Winter Break

It only takes one day of warmer-than-normal temperatures for me to forgot all my complaints about winter weather in Albuquerque. The hike that we picked yesterday was a good one for making the most out of the break from the cold. Three Gun Spring Trail is on a south-facing slope of the Sandias, capturing the sun’s warmth, which is then held in by the surrounding canyon walls. The leftover snow on the trail at the higher elevations was no hindrance for walking and the snow that we could see on the northern slopes in the distance added extra beauty to the scenery.

Promise of a good hiking trail and the return of New Mexico blue skies.
Promise of a good hiking trail and the return of New Mexico blue skies.

Looking south at snow on northern slopes of Manzanitos.
Looking south at snow on northern slopes of Manzanitos.
Some leftover snow on Three Gun Spring Trail at higher elevations.
Some leftover snow on Three Gun Spring Trail at higher elevations.
Intersection with Embudo Trail.  A short trip down this trail brought us to our lunch spot.
Intersection with Embudo Trail. A short trip down this trail brought us to our lunch spot.
Nothing like a rocky outcrop overlooking the city for a good lunch spot.
Nothing like a rocky outcrop overlooking the city for a good lunch spot.
Looking west at Albuquerque and Mt. Taylor in the distance.
Looking west at Albuquerque and Mt. Taylor in the distance.

Looking south at Interstate 40 where it passes through Tijeras Canyon.
Looking south at Interstate 40 where it passes through Tijeras Canyon.

Three Gun Spring is not a new trail for us. In fact, it’s one of the very first trails we ever hiked in the Albuquerque area, during our 2-week stay here in 2012 when we were traveling the US, trying to decide where we wanted to live. As we hiked it once again yesterday, it was a reminder of all that drew us to this area in the first place and a promise of the good things yet to come as we continue to wander and wonder our way through New Mexico’s beauty and enchantment.

Has Spring Sprung?

cactus

For me, the sign that spring has arrived here in the desert will be when the cacti begin to bloom. It’s almost here, as you can see from the beginnings of blossoms on this cactus that we saw while hiking yesterday. As I said to Lee, I would sure like to be on this trail in a couple of weeks when it is in full bloom. This variety has large, beautiful red flowers that are even more striking because they are on a prickly cactus that looks barely alive.

If we did decide to go back in another week or so to see the cactus again, we would have a hard time finding the place where we took the picture. We started the hike from a trailhead that we have passed a number of times on the way to other hikes, but it was not a marked trail and led us into a part of the Sandia foothills that we had not yet hiked.
There were many trails branching off in all different directions once we climbed up and over the first ridge. We had been trying to follow directions for a hike that the seniors do here, but within the first mile we realized that we had wandered off from what their hike described. With many different trails and no trail markings or named trails, a GPS device would be needed and we didn’t have that.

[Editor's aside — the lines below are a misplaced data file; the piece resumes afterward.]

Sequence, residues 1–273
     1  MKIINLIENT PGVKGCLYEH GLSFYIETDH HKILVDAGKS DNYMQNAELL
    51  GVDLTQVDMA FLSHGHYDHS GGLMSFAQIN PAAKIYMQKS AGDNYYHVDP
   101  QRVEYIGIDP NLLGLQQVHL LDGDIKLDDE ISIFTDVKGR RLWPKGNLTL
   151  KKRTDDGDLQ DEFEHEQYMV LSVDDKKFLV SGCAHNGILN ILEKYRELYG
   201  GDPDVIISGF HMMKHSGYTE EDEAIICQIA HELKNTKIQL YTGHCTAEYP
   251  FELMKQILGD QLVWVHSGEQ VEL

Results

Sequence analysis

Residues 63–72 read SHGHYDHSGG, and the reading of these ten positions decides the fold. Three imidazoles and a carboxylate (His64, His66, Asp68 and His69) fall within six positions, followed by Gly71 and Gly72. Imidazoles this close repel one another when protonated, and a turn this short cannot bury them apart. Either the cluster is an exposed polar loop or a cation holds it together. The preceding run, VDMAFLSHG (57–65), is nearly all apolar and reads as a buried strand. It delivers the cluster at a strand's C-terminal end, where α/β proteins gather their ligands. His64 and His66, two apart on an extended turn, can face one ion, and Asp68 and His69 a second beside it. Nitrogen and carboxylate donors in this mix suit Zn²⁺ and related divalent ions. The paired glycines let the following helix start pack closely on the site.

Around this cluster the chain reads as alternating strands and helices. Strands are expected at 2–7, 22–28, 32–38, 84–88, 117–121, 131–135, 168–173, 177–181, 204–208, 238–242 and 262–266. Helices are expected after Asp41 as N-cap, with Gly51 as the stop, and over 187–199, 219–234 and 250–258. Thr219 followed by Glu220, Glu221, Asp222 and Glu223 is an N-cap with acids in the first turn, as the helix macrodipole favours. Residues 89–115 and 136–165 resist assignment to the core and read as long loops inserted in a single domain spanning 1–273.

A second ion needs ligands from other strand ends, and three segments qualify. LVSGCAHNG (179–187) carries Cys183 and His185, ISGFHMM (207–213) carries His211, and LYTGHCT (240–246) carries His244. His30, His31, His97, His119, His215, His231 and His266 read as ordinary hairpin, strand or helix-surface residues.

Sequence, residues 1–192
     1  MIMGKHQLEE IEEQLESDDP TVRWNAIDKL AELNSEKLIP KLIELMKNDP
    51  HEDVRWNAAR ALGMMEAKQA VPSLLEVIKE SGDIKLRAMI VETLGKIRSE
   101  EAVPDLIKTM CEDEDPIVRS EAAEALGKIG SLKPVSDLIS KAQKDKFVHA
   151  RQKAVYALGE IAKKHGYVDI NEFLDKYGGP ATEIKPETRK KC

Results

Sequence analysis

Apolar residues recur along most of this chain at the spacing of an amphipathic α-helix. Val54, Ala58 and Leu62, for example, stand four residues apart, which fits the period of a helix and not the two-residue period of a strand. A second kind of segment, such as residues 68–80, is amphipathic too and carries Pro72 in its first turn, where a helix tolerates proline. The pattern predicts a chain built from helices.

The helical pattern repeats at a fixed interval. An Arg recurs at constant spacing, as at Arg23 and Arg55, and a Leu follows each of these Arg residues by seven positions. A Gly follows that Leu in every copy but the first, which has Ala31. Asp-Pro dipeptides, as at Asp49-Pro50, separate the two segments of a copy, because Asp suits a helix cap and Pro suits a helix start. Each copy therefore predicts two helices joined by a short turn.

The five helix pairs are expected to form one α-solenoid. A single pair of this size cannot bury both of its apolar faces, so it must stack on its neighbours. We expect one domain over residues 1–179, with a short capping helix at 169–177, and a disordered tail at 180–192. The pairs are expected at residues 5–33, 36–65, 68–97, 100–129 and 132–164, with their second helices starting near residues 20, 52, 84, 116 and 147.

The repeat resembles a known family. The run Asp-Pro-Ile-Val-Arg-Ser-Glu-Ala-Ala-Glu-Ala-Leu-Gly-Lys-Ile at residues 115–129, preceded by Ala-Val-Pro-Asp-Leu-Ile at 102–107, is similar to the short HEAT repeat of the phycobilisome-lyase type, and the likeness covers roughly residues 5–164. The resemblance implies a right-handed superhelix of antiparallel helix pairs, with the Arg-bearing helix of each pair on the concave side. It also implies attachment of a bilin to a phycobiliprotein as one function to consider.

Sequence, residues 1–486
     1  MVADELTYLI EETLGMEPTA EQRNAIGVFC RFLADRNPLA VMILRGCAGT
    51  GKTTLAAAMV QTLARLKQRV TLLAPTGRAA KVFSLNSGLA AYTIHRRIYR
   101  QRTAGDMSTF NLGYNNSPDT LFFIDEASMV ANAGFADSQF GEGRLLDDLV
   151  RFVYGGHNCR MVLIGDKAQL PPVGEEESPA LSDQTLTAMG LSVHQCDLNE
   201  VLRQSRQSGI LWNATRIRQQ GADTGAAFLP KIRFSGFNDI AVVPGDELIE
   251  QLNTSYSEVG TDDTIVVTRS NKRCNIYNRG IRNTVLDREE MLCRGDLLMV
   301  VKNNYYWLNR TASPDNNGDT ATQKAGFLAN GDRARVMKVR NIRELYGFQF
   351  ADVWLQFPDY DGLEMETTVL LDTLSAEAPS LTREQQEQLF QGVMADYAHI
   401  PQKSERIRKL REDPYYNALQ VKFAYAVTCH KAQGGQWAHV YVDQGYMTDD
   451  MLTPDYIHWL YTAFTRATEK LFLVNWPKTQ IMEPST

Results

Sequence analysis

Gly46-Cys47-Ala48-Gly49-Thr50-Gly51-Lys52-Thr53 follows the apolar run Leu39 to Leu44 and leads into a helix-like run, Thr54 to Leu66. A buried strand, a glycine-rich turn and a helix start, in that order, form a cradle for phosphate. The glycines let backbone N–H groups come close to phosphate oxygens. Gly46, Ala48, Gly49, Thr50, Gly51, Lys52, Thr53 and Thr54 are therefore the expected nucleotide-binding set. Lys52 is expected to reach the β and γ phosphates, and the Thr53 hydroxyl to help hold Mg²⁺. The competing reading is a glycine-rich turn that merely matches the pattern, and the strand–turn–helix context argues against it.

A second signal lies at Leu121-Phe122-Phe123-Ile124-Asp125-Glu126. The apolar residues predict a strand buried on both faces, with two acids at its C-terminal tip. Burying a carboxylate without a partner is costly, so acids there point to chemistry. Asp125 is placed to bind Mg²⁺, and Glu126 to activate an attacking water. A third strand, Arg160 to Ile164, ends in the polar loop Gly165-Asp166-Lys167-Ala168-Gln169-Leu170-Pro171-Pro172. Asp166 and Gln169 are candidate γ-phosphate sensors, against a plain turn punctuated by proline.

But we did have lots of viewpoints and Albuquerque landmarks visible around us so there was no danger of us getting lost. We may not have walked the same path as the hike description, but we thoroughly enjoyed the terrain that we covered. I was looking forward to comparing the GPS track I was creating using the Every Trail app on my phone to the GPS track on the ASCHG track. Unfortunately, at the end of the hike I fumbled with the phone and accidentally deleted the track that I had made.

I was upset that I deleted my track, but in doing a web search for more information on Juan Tabo Canyon, I came across an Every Trail posting that another hiker did for this hike. It’s interesting to compare the pictures posted there to some of the same views we had. The Every Trail posting was in early February. What a difference 6 weeks can make. The signs of spring were everywhere up there yesterday. We may not find that same cactus in 2 weeks but I’m confident we will find others arrayed in all their springtime glory.

Start of the trail as it leaves parking area and heads into the Sandia foothills.
Start of the trail as it leaves parking area and heads into the Sandia foothills.

View to the south from the first ridge.  Our car is in the bottom right corner of the photo.
View to the south from the first ridge. Our car is in the bottom right corner of the photo.
Saw quite a few of these pretty white flowers but couldn't identify them.
Saw quite a few of these pretty white flowers but couldn’t identify them.
Hiking upward.
Hiking upward.
Purple wildflowers.
Purple wildflowers.
Downtown Albuquerque visible through the mouth of Juan Tabo Canyon.
Downtown Albuquerque visible through the mouth of Juan Tabo Canyon.
North Sandias.  Rocky knob is called the Needle.
North Sandias. Rocky knob is called the Needle.
Crest of the Sandia Mountains with radio towers on top.
Crest of the Sandia Mountains with radio towers on top.
Wildflower called 'Perky Sue'
Wildflower called ‘Perky Sue’
View from our lunch spot.
View from our lunch spot.
View of Manzano Mountains to the south.
View of Manzano Mountains to the south.